The season is over and Arsenal are already on the verge of announcing a deal for Granit Xhaka: very un-Arsenal, right?
Well, with the player not agitating for a move too much and Borussia Mönchengladbach eager to have their squad settled before pre-season begins for them a month from now, the Gunners didn’t have much choice.
Xhaka has a release clause of €30m a year from now so the German side were always guaranteed a healthy sum of money for him and were in no rush to sell. It was a case of now or never and, under that sort of pressure, it looks like we’ve got a deal over the line.
A transfer supposedly worth over £30m looks expensive but, in the long run, should be worth every penny.
As for the player himself: why is he worth that much to us? What would his arrival mean for the rest of the team? Is he what we need?
To answer all three in no particular order, Xhaka should slot into the Arsenal midfield well.
Joining Gladbach at the age of 19, Xhaka had a rocky first season in Germany after a fairly big-money move from Basel. It’s a mark of the man that, despite huge doubts in Germany, he came back to force himself into Lucien Favre’s side on a regular basis by the end of his first campaign.
It’s that sort of brash attitude which has made Xhaka a solid midfielder but also a loose cannon and, for most of this season, Gladbach captain at the age of 23.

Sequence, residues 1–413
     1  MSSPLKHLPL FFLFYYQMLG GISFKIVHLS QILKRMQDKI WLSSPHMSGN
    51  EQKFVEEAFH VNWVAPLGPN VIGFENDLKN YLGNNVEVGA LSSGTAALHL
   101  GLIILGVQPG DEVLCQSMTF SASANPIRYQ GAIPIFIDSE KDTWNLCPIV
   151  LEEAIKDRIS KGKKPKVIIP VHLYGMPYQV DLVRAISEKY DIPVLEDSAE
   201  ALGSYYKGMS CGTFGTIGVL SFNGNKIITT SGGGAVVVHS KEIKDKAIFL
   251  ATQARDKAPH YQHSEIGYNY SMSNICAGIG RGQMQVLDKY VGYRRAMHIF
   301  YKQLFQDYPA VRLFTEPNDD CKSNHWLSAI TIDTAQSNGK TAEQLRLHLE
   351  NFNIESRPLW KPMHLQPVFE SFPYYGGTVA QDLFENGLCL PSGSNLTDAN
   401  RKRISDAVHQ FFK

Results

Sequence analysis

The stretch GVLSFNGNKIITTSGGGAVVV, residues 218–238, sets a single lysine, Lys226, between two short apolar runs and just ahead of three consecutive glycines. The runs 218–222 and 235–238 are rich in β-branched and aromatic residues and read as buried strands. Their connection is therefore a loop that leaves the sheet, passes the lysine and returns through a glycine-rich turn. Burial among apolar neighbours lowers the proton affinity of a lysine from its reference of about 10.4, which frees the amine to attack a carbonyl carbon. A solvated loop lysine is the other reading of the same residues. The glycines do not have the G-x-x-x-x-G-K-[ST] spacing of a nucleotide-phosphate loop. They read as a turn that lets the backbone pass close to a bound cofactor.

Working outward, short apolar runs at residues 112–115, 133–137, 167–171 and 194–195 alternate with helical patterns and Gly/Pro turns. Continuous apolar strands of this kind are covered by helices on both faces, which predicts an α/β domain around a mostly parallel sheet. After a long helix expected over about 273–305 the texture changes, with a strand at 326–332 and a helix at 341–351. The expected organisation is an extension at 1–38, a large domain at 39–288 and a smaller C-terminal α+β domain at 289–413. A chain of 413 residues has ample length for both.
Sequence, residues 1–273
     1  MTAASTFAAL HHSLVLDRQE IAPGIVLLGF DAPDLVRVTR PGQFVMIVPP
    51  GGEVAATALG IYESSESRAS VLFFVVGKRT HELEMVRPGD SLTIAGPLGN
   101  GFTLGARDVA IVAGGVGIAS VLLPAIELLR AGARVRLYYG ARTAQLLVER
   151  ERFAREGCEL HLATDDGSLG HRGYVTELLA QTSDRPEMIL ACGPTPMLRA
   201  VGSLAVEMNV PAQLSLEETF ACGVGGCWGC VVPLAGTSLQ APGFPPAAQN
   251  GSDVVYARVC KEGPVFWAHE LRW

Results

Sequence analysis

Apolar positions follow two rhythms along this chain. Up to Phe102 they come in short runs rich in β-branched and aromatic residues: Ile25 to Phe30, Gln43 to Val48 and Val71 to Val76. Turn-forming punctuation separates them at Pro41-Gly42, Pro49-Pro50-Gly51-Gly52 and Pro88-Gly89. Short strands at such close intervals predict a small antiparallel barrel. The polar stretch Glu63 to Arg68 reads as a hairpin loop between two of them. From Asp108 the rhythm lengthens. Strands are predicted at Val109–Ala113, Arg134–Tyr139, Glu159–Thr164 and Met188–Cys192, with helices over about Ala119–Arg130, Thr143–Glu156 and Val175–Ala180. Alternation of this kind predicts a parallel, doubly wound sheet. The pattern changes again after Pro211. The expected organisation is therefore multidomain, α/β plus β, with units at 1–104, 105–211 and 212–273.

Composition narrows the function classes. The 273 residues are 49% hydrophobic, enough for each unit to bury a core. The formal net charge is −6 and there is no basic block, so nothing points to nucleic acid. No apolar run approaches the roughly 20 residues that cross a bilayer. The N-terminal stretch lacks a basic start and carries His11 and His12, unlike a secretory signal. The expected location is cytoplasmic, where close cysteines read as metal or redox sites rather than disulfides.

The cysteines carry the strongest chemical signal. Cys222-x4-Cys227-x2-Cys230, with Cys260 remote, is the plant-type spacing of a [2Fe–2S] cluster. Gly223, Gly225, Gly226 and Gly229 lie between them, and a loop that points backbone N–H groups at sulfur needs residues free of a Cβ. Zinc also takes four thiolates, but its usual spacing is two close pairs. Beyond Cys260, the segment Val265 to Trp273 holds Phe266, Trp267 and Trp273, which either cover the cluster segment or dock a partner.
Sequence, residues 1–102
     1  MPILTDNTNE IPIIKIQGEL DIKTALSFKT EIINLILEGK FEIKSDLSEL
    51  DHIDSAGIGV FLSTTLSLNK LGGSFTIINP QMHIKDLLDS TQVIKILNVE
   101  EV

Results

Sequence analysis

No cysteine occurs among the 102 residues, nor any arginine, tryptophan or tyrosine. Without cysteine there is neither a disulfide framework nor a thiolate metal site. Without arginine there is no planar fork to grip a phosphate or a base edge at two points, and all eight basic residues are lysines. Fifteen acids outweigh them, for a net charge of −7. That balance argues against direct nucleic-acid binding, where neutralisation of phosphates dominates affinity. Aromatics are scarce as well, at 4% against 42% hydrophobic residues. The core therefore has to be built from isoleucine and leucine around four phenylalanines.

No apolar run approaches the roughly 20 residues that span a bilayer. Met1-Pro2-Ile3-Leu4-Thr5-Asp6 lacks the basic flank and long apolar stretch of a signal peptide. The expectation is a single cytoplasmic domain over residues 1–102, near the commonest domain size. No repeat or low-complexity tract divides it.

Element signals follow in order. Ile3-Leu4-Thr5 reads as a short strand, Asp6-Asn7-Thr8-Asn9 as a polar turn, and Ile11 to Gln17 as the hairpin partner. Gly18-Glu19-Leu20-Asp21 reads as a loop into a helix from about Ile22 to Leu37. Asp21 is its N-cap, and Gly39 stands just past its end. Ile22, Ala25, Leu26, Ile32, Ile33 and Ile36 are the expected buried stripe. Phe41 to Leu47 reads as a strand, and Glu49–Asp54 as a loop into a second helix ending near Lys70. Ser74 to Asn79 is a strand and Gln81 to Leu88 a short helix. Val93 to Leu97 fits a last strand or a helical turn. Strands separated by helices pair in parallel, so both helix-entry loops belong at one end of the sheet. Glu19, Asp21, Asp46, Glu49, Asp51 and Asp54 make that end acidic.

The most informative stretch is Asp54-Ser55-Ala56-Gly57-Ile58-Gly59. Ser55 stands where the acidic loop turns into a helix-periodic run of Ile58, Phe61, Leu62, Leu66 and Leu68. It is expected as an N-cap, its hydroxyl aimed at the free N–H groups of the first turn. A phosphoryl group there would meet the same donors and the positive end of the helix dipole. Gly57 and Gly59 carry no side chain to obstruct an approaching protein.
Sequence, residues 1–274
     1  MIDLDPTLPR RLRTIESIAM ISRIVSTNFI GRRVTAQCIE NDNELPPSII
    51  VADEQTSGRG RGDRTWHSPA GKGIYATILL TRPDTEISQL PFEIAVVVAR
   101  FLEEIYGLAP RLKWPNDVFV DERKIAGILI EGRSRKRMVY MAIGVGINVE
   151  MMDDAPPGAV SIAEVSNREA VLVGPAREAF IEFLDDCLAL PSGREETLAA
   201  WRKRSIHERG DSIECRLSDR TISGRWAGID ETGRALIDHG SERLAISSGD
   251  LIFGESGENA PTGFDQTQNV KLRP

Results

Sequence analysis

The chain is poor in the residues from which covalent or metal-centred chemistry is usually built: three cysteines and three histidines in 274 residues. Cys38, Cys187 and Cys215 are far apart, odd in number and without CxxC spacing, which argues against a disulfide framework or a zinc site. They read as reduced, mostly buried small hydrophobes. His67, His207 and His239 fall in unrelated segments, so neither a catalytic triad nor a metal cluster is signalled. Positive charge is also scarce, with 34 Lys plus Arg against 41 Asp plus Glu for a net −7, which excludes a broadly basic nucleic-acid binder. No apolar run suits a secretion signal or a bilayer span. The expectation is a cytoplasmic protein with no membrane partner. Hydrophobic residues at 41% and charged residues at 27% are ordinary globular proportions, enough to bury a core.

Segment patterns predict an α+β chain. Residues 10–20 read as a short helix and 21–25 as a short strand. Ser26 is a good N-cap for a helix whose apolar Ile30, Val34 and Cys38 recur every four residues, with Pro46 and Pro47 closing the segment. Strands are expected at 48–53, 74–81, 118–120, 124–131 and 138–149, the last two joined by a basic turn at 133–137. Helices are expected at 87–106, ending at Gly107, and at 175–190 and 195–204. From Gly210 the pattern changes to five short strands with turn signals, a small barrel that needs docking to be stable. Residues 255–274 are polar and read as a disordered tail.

As for playing style, the Swiss is, most importantly, good on the ball. As far as I’m concerned, that’s a pre-requisite for any Arsenal midfielder and something all of our players should be, especially with the style of play favoured by Arsène Wenger.
A good passer, he starts the majority of Gladbach’s moves, happily collecting the ball from the defence even when opposition players are nearby. When pressed he’s pretty much unfazed.
@piersmorgan Of the 162 players to attempt 50+ dribbles in the last 2 Bundesliga seasons, Granit Xhaka has the best success (83.3%)
— WhoScored.com (@WhoScored) May 21, 2016
Xhaka is sturdy and can ride challenges well but also moves the ball quickly, despite being fairly one-footed.
When he is in the space to pass, he favours a long ball out to the wings but that may be because it suits Gladbach’s current style: they look to play fast and exploit the width of the pitch. At Arsenal, you’d expect Xhaka to launch counter-attacks when possible but he’ll play in a much more reserved manner with the ball as long as his fellow midfielders give him the options to find a short pass or a direct ball through the lines, supplying Mesut Özil.
With Arsenal’s play not suiting itself to countless long pass attempts, Xhaka should soon relax and look to play the ball around with the same authority but a little more thought.
Off the ball, he’s solid defensively. Robust and always willing to show it, he’ll put his foot in where necessary but prefers to anticipate passes and steal the ball. Not box-to-box in the slightest, but very much an all-action midfielder.
That could be an issue, especially with card-happy referees, as Xhaka puts himself about and has developed something of a reputation for crunching challenges. However, that side of his game may be on the mend.
After picking up four yellow cards and three red cards in his first 15 Bundesliga games this season, the midfielder was booked just once in his next 13 appearances. His discipline could become an issue but he appears to have worked on it.